Five Principles for a New Nutritional Supplement Program
August 3, 2010
Access to nutritious food is essential for good health, especially for those facing the daunting realities of living with chronic health challenges with limited resources. When Ontario’s 2010 Budget was revealed on March 25, 2010, it stated that the Special Diet Allowance Program would be replaced with a new nutritional supplement program to be administered by the Ministry of Health and Long-Term Care rather than the Ministry of Community and Social Services.
The 25 Network for Poverty Reduction, ODSP Action Coalition, and the Registered Nurses’ Association of Ontario urge the provincial government to consider Five Principles for a New Nutritional Supplement Program. Explained in greater detail in the full document below, these principles may be viewed as guideposts for developing this essential program. These principles include having a clear policy objective; ensure genuine accessibility, adequacy, and equity; meeting the need with monetary support; fulfilling responsibilities for current recipients; and taking the time to get it right. In particular, the government must engage in a meaningful consultation process with key stakeholders including experts from the health and social sectors, advocates, municipalities, and people with lived experience.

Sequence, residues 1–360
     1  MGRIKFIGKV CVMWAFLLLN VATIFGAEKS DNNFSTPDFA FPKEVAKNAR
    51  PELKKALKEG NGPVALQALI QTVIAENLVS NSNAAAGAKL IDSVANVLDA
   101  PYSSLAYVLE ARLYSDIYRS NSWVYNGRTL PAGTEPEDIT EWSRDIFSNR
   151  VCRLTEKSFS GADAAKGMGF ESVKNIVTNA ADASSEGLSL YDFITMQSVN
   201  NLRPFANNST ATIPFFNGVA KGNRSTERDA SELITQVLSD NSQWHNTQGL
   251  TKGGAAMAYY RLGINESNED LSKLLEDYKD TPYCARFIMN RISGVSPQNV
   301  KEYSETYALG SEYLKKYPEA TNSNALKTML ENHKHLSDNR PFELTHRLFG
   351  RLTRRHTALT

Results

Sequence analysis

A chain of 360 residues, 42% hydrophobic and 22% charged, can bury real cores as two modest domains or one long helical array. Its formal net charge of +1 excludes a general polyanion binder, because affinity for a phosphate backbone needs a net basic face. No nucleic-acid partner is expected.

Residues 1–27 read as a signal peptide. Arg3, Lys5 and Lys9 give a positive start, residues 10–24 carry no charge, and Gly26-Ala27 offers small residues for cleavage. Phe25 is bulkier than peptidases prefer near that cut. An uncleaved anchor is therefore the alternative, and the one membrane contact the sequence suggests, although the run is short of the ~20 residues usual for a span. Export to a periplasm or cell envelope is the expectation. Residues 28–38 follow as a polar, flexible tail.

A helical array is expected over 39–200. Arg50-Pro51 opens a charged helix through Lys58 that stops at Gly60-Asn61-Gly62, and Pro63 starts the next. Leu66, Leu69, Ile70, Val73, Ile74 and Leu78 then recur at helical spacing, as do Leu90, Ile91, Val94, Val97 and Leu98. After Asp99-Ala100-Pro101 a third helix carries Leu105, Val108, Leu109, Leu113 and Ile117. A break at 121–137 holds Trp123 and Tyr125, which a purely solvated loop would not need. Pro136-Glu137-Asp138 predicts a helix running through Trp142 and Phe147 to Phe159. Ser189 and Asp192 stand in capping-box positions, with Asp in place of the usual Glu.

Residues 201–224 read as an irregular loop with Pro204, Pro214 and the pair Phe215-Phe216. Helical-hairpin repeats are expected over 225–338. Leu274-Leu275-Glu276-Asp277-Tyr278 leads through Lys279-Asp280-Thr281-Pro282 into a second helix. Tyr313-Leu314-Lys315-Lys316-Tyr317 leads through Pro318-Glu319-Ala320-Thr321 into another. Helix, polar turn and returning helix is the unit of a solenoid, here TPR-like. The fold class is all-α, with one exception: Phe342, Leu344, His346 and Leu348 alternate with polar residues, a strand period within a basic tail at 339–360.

Download a PDF version of Five Principles for a New Nutritional Program here .
Endorse the Five Principles  for a New Nutritional Supplement (Organizations and Individual Endorsements welcome) at the 25 in 5 website
Take Action on the Five Principles:  Send an email to the government, contact your MPP, tell or read about the impact of cuts to the Special Diet Allowance at
Toronto Public Health (2010) Update on Proposed Changes to the Special Diet Allowance, June 22, 2010
Take Action at the 25 in 5 Network for Poverty Reduction 
Income Security Advocacy Centre  Special Diet Allowance Resources